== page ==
If you needed that long to dry yours it could be that you had less kale, so the sauce was thicker on each piece and needed longer to dry. Must have tasted great!

    Author
  37. avatar
    Yas 13 January 2013 at 2:24 am (PERMALINK)

    yum yum!! they taste awesome, definately will be making them again. I made them with parmesan cheese but will try it with yeast next time.

    Author
  38. avatar
    ThermomixBlogger Helene 16 January 2013 at 9:08 pm (PERMALINK)

    Thanks Yas, for stopping by with your feedback on this recipe. It’s a winner with all my friends and family but I think a lot of people are shy to try it. Most anyone who has tasted Kale chips will give it a go, but those who haven’t sampled the finished product are a little more reluctant ;-) I’m so glad you tried it and more glad that you enjoyed it!

    Author
  39. avatar
    Sonja 23 February 2013 at 4:29 pm (PERMALINK)

    Many thanks Helene, this is a great recipe, who would think at kale could be tasty! My fussy toddler ate a whole pile! I’ve made it three times now, once with lime instead of lemon. I added the whole lime, which gave a bitter aftertaste. I also found it time consuming to cut the kale, but as it takes me almost an hour, I watched half a movie while doing it last night and did the rest in the morning. I try and cut it into bite sizes using a scissor. Also, I’ve tried both curly kale and “tuscan cabbage” kale and both work well. I am now experimenting with flavour: adding sour cream and chives, sumac etc. Also essential is to dry it using at least 3 trays to ensure single layer…

    Author
  40. avatar
    ThermomixBlogger Helene 23 February 2013 at 4:59 pm (PERMALINK)

    Sonya! Thanks SO MUCH for your comments. You can’t imagine how thrilled I was to hear your feedback on this recipe because of ALL the recipes on the blog this is the one I have done the most often, by far!!! Yes, I think most people are simply not interested and I can surely understand why. Until people taste kale chips, most will assume they are something completely different. Once they’ve tasted them though, most people go crazy and simply can’t get enough. I take these to parties all the time and they are swarmed upon till gone. I have often found people hiding in corners of the house, greedily eating handfuls of these chips, well away from prying eyes. I have also witnessed people stuffing them carefully into pockets and purses to take home for later, or to share with a special someone who was not at the party.

    I fully agree with your comments about time-consuming cutting aspect. But I may be able to help with that. In fact, I have been wanting to add/improve on this recipe post for some time now and simply have been too busy. The reason is because I have found some time-saving strategies that I now use every time I make these.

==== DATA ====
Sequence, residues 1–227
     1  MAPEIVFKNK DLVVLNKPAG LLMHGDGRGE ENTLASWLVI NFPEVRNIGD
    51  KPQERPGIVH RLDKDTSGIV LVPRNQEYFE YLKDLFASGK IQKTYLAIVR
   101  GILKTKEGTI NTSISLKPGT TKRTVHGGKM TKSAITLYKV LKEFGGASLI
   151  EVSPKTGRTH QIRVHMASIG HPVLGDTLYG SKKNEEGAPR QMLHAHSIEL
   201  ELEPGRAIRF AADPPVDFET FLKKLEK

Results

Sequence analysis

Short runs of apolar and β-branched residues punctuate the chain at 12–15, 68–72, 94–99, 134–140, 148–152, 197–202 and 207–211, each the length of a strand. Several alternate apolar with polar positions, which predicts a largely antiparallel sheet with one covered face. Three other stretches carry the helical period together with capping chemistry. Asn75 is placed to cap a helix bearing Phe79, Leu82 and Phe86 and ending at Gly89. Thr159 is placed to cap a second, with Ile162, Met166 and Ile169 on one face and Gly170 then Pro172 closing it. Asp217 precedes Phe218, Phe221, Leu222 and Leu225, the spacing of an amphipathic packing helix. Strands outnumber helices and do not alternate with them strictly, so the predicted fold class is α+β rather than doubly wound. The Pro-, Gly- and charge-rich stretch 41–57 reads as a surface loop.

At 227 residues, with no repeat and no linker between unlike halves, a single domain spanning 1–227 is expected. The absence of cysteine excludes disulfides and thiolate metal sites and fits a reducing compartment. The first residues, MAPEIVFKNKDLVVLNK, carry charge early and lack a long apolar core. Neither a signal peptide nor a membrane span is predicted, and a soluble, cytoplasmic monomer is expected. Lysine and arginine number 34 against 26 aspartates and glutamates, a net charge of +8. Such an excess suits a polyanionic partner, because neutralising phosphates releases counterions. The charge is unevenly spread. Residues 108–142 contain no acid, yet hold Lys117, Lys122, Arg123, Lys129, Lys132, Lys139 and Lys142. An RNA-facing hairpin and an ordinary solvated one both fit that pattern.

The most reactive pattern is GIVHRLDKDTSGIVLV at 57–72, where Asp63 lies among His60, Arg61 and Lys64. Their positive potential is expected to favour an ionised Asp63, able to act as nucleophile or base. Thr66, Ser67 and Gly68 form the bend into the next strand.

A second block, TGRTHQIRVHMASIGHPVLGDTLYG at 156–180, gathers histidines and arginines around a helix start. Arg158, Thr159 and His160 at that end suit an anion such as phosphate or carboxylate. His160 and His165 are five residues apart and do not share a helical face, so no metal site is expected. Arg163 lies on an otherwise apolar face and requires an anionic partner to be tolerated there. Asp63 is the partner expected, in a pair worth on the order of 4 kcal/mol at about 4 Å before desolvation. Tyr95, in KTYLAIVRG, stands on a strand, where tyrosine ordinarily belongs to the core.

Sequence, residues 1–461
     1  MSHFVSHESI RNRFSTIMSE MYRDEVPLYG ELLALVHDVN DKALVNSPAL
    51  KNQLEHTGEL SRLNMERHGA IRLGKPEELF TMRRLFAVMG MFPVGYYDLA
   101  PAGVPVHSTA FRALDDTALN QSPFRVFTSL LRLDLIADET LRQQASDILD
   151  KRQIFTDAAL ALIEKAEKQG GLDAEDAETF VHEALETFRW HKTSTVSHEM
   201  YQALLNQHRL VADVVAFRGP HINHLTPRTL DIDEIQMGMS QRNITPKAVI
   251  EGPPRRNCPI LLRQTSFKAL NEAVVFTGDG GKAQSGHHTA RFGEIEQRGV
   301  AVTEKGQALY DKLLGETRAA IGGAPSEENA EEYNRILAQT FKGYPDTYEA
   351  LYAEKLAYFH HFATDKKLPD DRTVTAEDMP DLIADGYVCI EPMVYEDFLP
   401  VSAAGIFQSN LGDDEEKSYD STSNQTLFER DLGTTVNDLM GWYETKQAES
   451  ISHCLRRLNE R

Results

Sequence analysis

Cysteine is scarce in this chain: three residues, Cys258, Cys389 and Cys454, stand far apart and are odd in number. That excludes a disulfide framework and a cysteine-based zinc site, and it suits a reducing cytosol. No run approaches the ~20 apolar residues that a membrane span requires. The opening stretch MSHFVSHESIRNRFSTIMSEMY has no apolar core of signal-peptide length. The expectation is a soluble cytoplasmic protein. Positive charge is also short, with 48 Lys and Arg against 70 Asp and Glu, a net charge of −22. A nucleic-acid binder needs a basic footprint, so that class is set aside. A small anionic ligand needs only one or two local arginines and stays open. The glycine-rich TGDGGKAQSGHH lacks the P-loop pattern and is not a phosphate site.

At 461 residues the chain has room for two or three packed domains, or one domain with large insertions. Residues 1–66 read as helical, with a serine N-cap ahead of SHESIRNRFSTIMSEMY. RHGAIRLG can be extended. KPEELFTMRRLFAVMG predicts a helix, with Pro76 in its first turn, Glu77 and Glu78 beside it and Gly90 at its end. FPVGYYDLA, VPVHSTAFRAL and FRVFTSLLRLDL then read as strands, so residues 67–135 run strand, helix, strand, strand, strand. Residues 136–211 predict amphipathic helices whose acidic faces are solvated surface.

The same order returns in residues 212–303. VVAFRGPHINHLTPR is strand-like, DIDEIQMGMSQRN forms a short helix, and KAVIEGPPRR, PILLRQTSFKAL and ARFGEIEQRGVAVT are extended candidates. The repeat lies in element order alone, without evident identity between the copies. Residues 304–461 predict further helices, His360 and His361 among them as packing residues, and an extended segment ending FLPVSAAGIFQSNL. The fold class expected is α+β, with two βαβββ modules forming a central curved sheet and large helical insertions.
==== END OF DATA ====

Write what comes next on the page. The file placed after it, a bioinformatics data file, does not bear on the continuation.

1) I no longer cut as I did before. I now remove the thickest stems with a “pinch-and-tear” technique. Not quite sure how to explain this with words… I really need to do a video. Basically though, I no longer worry about the stems, except to remove the thickest parts. Then I don’t cut the leaves so much as rip or tear them. Saves time. (Believe me, I have made this recipe at least 30 times and usually make a double, triple or quadruple batch, so I REALLY know about the time aspect.)

    2) This second point is the best part! I now ‘massage’ the kale using TMX on reverse. So what I do is first make the sauce and then divide it in two, removing half of it to a separate bowl. The I take half the prepared kale, dump it in with the sauce and set to REVERSE/speed 2/3 for about 2 minutes. Then check it. Maybe longer if needed, but you get the idea. (Be sure to keep an eye on it at first, till you get a feel for your type of kale because you don’t want the pieces to rip and become too small.) You want that kale to be massaged, not just coated. While this batch is ‘massaging’ on reverse I am busy trimming and preparing the next lot of kale. When the first batch is ready, I dump it and spread it out for the oven or dehydrator. Then put the second batch of trimmed kale in TMX and add the remaining sauce which had been set aside. Repeat as above. You can spread out your first batch of kale as your second batch is doing it’s thing on REVERSE.
    I don’t recommend putting too much kale in at a time when massaging with sauce this way or it simply won’t be as effective. Half batches works well. So if I make a double batch of this recipe, I will usually split my kale into about 3-4 lots for the massaging part.

    Sorry to go on for so long but I’m excited for you and so pleased you tried and enjoyed this recipe. Was good to hear your feedback about the lime too… I have tried several variations, but always return to this one, and now I sprinkle toasted sesame seeds on top. (Not truly RAW if using ‘toasted’ seeds, but that’s okay for me.) Just wait till your adult friends start tasting these, your kale chips will be so much in demand and your social calendar will be totally booked ;-)

    Author
  41. avatar
    Sonja 12 March 2013 at 12:37 am (PERMALINK)